Radiation can be categorized in terms of how it induces ionizations:
Directly ionizing radiation, consist of charged particles such as electrons, protons and alpha particles.
Indirectly ionizing radiation consists of neutral particles and/or electromagnetic radiation such as neutrons and photons (Î³-rays and X-rays).
Ionising radiation interacts with matter by:
Interaction with the electron cloud of the atom, or by
Interaction with the nucleus of the atom.
Types of ionizing radiation linked to this study
Ionizing photons (Î³- and X-rays) are indirectly ionising radiation. These wave like particles have zero rest mass and carry no electrical charge. Low energy (E
Neutrons, similar to ionizing photons are indirectly ionizing radiations; however, these particles do have a rest mass. There is negligible interaction between neutrons and the electron cloud of atoms since neutrons do not have a net electrical charge (Henry, 1969). The principle interactions occur through direct collisions with atomic nuclei during elastic scattering events. In this process, ionisation is produced by charged particles such as recoil nuclei and nuclear reaction products. The production of secondary ionising photons will result in the release of energetic electrons. In turn these charged particles can deposit energy at a considerable distance from the interaction sites (Pizzarello, 1982).
Auger electron emission is an atomic-, not a nuclear process. In this process an electron is ejected from an orbital shell of the atom. A preceding event, e.g. electron capture (EC) or internal conversion (IC) leaves the atom with a vacant state in its electron configuration. An electron from a higher energy shell will drop into the vacant state and the energy difference will be emitted as a characteristic x-ray (Cember, 1969). The energy of the x-ray (Ex-ray) being the difference in energy (E) between the two electron shells L and K.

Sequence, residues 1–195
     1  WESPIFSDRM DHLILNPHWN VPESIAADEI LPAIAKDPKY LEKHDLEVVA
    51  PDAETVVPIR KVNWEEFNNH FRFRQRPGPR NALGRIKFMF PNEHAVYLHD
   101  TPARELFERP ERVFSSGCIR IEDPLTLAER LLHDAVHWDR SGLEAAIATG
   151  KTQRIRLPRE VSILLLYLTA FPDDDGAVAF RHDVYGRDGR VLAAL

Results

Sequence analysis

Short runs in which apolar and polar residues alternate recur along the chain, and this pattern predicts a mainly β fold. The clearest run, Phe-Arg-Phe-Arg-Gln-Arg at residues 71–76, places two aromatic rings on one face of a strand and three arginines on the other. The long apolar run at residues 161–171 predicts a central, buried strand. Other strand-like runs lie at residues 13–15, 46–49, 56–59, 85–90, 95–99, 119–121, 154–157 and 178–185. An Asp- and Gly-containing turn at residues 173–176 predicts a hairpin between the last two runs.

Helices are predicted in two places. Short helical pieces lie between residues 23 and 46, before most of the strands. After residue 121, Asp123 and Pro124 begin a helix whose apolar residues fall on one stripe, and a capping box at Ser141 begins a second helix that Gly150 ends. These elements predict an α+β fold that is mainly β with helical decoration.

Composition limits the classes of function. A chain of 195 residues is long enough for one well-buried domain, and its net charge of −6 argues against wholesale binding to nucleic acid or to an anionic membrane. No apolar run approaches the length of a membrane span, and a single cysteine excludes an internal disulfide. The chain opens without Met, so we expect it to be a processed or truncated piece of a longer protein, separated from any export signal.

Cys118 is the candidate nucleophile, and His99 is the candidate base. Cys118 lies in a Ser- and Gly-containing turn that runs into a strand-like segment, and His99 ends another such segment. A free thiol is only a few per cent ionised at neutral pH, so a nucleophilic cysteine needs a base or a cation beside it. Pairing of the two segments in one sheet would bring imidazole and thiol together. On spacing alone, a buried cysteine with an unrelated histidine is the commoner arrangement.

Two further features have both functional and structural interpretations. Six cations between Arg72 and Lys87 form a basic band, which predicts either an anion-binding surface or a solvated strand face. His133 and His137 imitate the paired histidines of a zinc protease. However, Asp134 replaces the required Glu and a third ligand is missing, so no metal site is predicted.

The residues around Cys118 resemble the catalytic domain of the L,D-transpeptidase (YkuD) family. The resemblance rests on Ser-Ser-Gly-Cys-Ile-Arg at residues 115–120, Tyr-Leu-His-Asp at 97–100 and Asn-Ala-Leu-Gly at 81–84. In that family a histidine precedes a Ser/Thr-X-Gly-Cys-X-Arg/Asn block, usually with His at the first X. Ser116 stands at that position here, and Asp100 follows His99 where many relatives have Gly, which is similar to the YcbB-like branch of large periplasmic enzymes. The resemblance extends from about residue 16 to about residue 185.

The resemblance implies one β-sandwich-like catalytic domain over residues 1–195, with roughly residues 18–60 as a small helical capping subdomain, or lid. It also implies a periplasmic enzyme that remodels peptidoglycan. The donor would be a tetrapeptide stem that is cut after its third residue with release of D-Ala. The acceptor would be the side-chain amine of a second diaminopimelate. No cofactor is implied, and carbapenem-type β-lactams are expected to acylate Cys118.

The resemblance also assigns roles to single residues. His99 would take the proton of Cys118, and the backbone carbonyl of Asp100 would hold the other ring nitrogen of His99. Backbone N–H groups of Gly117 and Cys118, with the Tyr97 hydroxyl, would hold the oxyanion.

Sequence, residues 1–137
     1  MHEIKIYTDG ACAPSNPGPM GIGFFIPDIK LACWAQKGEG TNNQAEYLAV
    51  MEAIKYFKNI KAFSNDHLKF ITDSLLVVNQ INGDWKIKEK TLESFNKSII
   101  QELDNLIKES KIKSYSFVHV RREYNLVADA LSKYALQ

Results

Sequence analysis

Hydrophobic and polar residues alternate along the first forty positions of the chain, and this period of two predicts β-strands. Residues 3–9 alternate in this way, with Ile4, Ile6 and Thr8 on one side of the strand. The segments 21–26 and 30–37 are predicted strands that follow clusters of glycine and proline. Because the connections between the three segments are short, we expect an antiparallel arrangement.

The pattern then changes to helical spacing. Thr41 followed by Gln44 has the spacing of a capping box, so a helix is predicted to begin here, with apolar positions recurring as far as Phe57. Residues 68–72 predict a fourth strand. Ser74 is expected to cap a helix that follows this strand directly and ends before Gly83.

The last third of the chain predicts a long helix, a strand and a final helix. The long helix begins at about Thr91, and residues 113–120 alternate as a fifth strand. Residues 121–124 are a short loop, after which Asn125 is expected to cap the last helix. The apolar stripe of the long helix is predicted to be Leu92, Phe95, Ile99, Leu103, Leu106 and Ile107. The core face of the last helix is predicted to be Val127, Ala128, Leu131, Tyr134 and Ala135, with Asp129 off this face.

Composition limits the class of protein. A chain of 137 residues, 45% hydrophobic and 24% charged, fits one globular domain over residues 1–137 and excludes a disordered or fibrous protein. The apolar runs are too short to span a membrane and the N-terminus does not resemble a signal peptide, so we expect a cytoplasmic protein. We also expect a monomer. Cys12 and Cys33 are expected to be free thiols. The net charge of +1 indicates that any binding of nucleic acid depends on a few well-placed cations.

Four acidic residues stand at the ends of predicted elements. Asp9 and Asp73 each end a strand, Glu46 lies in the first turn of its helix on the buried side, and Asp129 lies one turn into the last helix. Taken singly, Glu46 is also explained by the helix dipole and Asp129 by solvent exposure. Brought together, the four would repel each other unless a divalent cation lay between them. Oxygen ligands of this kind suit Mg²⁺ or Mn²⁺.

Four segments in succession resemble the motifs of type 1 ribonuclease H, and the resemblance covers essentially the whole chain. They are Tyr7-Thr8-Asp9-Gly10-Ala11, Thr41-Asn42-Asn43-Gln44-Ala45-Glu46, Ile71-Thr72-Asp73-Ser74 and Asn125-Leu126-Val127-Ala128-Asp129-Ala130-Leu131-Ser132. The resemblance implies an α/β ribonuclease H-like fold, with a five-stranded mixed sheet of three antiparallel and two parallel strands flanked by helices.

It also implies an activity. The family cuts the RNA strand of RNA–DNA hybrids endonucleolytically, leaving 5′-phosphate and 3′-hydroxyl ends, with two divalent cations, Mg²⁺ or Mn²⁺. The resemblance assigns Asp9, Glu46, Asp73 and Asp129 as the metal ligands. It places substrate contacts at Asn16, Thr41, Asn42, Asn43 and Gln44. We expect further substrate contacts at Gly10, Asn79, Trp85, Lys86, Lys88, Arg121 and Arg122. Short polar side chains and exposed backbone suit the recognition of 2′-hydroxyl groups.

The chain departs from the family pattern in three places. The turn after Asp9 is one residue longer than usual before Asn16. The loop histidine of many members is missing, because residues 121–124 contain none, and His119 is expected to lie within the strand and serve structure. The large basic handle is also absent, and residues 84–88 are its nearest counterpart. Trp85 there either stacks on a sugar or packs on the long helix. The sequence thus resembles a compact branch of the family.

Ex-ray = EL -EK
Alternatively, the energy may be transferred to an electron of an outer shell, causing it to be ejected from the atom (Fig. 1). The emitted electron is known as an Auger electron and similarly to the x-ray has an energy:
EAuger = EÎ” -EB
where: EÎ” = the energy of inner-shell vacancy – energy of outer-shell vacancy
EB = binding energy of emitted (Auger) electron
Auger emission is favoured for, low-Z materials where electron binding energies are small. Auger electrons have low kinetic energies; hence travel only a very short range in the absorbing medium (Cember, 1969).
Fig. 1: Schematic representation of the Auger electron emission process, where an orbital electron is ejected following an ionization event.
Several dosimetric quantities have been defined to quantify energy deposition in a medium when ionizing radiation passes through it. Radiation fields are well described by physical quantities such as particle fluence or air kerma free in air are used. However these quantities do not relate to the effects of exposure on biological systems (International Commission on Radiological Protection [ICRP] Publication 103, 2007).
The absorbed dose, D, is the basic physical quantity used in radiobiology, radiology and radiation protection that quantifies energy deposition by any type of radiation in any absorbing material. The International System of Units (SI) of absorbed dose is joule per kilogram (J.kg-1) and is termed the gray (Gy).